Published January 12, 2022
The Igniting Hope Conference continues to focus on the urgent challenges of long-standing health disparities in Buffalo’s African American community.
Co-sponsored by the Buffalo Center for Health Equity, the University at Buffalo Clinical and Translational Science Institute (CTSI), and the UB Community Health Equity Research Institute, Igniting Hope is supported by funding from the National Center for Advancing Translational Sciences of the National Institutes of Health.
The 2021 conference featured an open-to-the-public “Walk of Healing,” followed by a virtual conference titled “Healing Historical Trauma from Racist Research, Policies and Practices.”
For organizers, the opportunity to include an in-person element offered a way to both tie in with the conference themes and bring members of the community together.
“The conference was about the physical, mental, and social conditions of the African American community,” said the Rev. George Nicholas, MDiv, convener of the African American Health Equity Task Force; chair of the Buffalo Center for Health Equity; and pastor of Lincoln Memorial United Methodist Church.
“As we transitioned out of the worst parts of the pandemic, we thought it was important that we create space for the community to gather and begin to come together and talk about not only what we have just recently came out of, but of our historical journey here in America.”
“The walk symbolized that we could begin to gather people in the community again,” Nicholas said. “Also, there was a level of celebration to it. This was our fourth conference and we have made so much progress.”
“This conference series is becoming an annual summit that brings together community and university stakeholders to understand health disparities and discuss viable solutions to this systemic problem in our community,” said Timothy F. Murphy, MD, CTSI director, SUNY Distinguished Professor of medicine and senior associate dean for clinical and translational research in the Jacobs School of Medicine and Biomedical Sciences.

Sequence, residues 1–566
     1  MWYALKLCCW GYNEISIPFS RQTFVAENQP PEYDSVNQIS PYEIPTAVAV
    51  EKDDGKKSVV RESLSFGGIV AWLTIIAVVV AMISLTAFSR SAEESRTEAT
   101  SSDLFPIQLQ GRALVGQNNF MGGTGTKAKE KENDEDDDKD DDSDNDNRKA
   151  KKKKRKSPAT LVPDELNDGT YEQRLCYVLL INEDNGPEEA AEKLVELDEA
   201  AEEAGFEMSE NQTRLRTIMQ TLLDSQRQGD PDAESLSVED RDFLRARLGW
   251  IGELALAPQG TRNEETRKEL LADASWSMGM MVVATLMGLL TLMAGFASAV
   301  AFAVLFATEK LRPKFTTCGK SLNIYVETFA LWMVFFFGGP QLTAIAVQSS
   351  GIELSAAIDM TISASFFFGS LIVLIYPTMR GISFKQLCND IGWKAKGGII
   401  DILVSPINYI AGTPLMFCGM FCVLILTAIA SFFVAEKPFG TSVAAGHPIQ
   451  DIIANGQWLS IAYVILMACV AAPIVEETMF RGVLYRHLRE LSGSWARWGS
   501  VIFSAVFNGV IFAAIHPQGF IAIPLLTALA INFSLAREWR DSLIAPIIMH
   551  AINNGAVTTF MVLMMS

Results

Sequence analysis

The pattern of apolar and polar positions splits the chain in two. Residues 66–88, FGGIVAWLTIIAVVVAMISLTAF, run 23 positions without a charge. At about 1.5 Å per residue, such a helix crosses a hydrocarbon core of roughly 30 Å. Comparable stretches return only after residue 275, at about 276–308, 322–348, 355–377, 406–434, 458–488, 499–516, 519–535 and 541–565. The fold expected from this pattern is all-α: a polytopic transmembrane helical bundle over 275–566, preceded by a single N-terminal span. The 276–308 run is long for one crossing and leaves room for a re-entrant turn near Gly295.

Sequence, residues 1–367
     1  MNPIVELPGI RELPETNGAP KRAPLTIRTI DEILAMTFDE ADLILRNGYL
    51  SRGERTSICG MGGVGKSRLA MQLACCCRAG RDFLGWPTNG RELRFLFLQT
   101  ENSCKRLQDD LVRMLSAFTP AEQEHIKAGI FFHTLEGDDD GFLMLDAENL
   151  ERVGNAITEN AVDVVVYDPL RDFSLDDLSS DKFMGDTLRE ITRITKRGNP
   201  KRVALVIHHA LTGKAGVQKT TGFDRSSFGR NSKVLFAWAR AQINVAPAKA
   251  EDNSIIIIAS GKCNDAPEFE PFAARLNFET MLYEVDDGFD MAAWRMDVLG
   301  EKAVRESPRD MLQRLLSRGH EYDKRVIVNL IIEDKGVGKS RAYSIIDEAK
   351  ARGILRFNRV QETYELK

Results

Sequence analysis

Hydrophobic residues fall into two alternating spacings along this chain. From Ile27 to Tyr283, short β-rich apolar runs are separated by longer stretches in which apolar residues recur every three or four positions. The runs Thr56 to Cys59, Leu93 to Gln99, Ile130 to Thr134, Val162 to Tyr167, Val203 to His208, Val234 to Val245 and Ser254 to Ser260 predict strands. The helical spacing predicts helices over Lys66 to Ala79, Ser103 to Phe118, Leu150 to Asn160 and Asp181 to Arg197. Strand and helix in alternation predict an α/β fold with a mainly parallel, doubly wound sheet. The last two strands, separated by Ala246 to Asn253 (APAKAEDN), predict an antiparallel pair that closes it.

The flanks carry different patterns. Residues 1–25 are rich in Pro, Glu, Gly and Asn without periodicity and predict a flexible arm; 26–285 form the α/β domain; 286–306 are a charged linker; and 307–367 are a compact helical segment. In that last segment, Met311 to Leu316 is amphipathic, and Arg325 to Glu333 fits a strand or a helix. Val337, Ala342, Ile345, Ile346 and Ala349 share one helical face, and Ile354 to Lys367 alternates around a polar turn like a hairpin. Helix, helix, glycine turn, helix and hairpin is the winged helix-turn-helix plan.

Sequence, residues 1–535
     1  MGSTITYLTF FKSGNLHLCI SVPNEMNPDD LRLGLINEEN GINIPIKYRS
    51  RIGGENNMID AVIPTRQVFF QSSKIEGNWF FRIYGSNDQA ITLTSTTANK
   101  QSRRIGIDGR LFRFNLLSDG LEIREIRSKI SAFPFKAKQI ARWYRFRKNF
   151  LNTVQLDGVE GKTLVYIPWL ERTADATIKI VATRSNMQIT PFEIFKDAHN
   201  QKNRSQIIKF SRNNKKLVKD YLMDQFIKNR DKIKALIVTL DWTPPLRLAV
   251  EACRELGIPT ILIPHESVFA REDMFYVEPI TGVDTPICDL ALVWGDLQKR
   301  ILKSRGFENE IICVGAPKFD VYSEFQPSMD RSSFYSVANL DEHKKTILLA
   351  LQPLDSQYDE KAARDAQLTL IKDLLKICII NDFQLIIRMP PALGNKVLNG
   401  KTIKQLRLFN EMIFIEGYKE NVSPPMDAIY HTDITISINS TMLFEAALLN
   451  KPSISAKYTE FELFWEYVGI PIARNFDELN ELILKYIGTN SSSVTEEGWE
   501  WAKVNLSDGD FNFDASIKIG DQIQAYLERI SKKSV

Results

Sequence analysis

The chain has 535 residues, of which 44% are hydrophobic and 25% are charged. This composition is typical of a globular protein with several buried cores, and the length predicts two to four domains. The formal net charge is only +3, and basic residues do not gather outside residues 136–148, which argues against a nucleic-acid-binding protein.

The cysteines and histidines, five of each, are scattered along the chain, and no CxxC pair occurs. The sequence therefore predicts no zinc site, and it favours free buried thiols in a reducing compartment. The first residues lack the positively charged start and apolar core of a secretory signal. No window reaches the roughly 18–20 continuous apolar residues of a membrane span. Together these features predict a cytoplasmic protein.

The event featured three keynote speakers:
Murphy said LaVeist “has done pioneering work on the role of racism in health care” and that “innovative approaches in Cleveland have led to true investment in minority-owned businesses and Ms. Gartland is a leader in these initiatives.”
Grant, a Buffalo native, is an international speaker, film and TV consultant, and author, whose latest book is titled “Black Men, Intergenerational Colonialism and Behavioral Health: A Noose Across Nations.”
Breakout discussions followed each keynote speaker, and focused on topics such as the COVID-19 pandemic, the environment, fines and fees, nutrition, and historical trauma and healing.
Additional speakers included:
During his remarks at the conference, Lesse talked about the need to design systems to reverse the effect of structural racism.
“I believe that the root of health disparities is racism and without racism, most of the factors that contribute to these disparities would disappear,” he said. “Housing, access to good schools, and equal opportunity and pay would dissolve most of the disparities.”
“That will require monumental efforts and a change in society, but in the meantime, the Jacobs School has a responsibility to teach our students about racism and the effect it has on people of color,” Lesse added.
“We also must teach the students about racism in medicine and that our noble profession has a very disturbing history to overcome. Those that do not learn history are doomed to repeat it.”